Max Hastings: The West’s Crisis of Honest Leaders
Max Hastings is a British journalist, historian and author. He is currently an FT contributing editor.
Hardly a day passes without public lamentation about the paucity of leadership in the Western democracies. Where, cry a score of the nations’ pundits, is a Churchill, Kennedy, De Gaulle, Adenauer for our generation? As a biographer of Churchill, I answer that question partly by saying: be grateful that, however turbulent our times, they are not so dire as to demand his resurrection. Warriors are usually unsuited to addressing social and economic issues. Wellington, the great commander, was a disastrous prime minister, while Churchill’s response to Britain’s 1926 General Strike was histrionic and divisive.
Many contemporary leaders must suffer spasms of self-pity at being charge during an era when exposure of the limits of power makes high office seem unrewarding. Today’s economic problems are vast and intractable. Contrast the 1990s experience of John Major. Almost as inadequate a British premier as Gordon Brown, he faced many embarrassments and humiliations – recession, ejection from the European Exchange Rate Mechanism, the Balkan wars and Tory strife over Europe. Yet with hindsight, none of these were remotely as dangerous to Britain as recent events. Mr Major’s shortcomings did not matter that much – on his watch, the country suffered no game-changing crisis on the scale of the 2008 banking collapse and what has followed.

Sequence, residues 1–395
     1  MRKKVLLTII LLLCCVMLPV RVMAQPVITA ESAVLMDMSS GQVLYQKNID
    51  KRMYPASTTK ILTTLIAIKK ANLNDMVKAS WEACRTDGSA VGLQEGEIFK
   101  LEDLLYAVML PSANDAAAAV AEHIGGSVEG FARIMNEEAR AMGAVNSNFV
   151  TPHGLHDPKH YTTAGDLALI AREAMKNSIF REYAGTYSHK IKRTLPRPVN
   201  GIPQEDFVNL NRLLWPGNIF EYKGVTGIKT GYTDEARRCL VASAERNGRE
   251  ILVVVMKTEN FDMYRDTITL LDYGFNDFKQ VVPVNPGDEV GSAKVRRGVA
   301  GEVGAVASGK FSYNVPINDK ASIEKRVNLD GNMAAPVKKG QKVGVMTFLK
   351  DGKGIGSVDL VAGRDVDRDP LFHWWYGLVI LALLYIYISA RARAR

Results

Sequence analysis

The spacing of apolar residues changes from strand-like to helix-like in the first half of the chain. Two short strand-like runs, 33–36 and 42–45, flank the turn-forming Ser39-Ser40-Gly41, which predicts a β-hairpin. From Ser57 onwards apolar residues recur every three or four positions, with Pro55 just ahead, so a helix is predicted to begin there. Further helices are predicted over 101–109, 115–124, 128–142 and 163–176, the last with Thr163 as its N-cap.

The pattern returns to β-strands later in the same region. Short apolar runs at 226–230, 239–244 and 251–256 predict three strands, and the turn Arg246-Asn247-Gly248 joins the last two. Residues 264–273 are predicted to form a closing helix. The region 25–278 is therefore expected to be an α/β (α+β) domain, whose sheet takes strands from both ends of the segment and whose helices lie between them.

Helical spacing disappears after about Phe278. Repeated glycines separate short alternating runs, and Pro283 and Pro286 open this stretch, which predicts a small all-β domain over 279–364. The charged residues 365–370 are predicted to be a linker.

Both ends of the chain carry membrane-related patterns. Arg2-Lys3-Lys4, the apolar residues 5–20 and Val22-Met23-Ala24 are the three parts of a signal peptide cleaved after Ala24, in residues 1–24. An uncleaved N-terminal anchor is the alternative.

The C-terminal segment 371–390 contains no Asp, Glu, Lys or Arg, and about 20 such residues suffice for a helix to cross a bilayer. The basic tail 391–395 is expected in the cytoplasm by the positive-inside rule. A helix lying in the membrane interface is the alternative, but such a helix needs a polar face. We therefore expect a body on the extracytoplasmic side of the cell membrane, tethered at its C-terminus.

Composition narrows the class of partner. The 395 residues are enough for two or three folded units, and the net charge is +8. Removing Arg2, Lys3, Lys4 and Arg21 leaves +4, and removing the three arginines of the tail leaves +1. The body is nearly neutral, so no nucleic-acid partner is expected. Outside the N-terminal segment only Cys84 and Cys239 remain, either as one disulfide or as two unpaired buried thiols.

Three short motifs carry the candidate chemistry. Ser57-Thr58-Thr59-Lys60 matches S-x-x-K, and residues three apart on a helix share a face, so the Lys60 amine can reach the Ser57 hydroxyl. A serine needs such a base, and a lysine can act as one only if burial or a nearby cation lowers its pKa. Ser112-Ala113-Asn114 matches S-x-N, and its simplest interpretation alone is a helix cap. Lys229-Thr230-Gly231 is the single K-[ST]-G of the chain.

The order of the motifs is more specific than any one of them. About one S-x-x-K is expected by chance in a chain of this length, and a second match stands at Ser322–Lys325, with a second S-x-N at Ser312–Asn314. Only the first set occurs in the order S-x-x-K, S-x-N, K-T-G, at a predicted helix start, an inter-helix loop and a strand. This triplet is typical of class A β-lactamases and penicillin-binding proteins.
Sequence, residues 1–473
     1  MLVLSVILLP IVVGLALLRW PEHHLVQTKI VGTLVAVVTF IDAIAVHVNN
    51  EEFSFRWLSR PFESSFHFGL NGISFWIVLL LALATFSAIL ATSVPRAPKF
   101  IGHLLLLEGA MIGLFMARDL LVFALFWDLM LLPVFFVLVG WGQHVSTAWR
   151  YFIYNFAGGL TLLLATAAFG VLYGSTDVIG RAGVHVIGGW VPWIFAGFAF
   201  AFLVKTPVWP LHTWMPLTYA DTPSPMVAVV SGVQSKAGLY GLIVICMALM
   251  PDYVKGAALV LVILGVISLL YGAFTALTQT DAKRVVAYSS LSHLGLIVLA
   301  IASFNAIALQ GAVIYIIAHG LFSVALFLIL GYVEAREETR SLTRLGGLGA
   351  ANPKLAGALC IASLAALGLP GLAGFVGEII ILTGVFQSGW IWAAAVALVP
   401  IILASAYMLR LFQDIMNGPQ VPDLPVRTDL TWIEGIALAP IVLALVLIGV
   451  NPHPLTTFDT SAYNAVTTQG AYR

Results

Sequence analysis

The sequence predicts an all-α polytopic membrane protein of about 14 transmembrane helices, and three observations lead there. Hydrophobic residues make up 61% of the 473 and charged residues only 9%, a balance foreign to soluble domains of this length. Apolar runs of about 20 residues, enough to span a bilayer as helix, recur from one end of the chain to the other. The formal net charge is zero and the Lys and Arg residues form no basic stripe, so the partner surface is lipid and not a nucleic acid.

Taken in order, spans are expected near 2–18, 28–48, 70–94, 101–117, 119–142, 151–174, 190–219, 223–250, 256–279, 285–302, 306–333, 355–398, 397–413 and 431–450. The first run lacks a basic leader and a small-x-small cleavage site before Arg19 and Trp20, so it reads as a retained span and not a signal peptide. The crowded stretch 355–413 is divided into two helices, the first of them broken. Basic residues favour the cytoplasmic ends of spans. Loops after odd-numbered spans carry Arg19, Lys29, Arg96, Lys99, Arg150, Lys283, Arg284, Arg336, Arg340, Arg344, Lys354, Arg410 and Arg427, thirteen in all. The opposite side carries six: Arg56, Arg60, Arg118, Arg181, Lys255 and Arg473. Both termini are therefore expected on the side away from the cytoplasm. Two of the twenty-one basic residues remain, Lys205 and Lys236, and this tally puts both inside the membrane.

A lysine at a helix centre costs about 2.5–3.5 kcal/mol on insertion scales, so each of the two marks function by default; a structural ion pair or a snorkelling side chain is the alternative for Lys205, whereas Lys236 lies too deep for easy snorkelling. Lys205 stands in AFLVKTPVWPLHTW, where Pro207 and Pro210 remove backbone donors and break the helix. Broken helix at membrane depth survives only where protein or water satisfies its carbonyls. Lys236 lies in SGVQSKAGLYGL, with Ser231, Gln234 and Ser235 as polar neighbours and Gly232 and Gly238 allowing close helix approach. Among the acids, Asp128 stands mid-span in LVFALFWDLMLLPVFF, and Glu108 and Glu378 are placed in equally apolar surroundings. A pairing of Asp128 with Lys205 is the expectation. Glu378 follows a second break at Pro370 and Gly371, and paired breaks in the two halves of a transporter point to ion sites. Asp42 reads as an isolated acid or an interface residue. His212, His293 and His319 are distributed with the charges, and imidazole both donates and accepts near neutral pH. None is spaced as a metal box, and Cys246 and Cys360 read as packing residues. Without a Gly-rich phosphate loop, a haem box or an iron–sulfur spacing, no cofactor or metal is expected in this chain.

The same might be said of Bill Clinton’s US presidency. Though there were plenty of dramas – some of his own priapic creation – nothing tested him as presidents Roosevelt, Kennedy and Johnson were tested, and as President Barack Obama is being tested now. Some national leaders also enjoy luck: Margaret Thatcher generated much of her own weather, but her exchequer benefited from the North Sea oil boom too.
“Cometh the hour, cometh the man“ is a foolish cliché: history is replete with dramas that caused nations to look expectantly at the door, only to see someone no larger than French president Nicolas Sarkozy walk in. But today’s western leaders face difficulties that cannot all be attributed to their own inadequacy....
comments powered by Disqus
- Judith Kelleher Schafer, 72, a historian of slavery and prostitution, dies
- Northwestern celebrates Garry Wills with a book in his honor
- Conservatives go after UCLA's historian James Gelvin
- Laura Hillenbrand writes her masterpieces despite suffering from Chronic Fatigue Syndrome
- New PBS DVD From Henry Louis Gates Jr. Explores African Influence on the Caribbean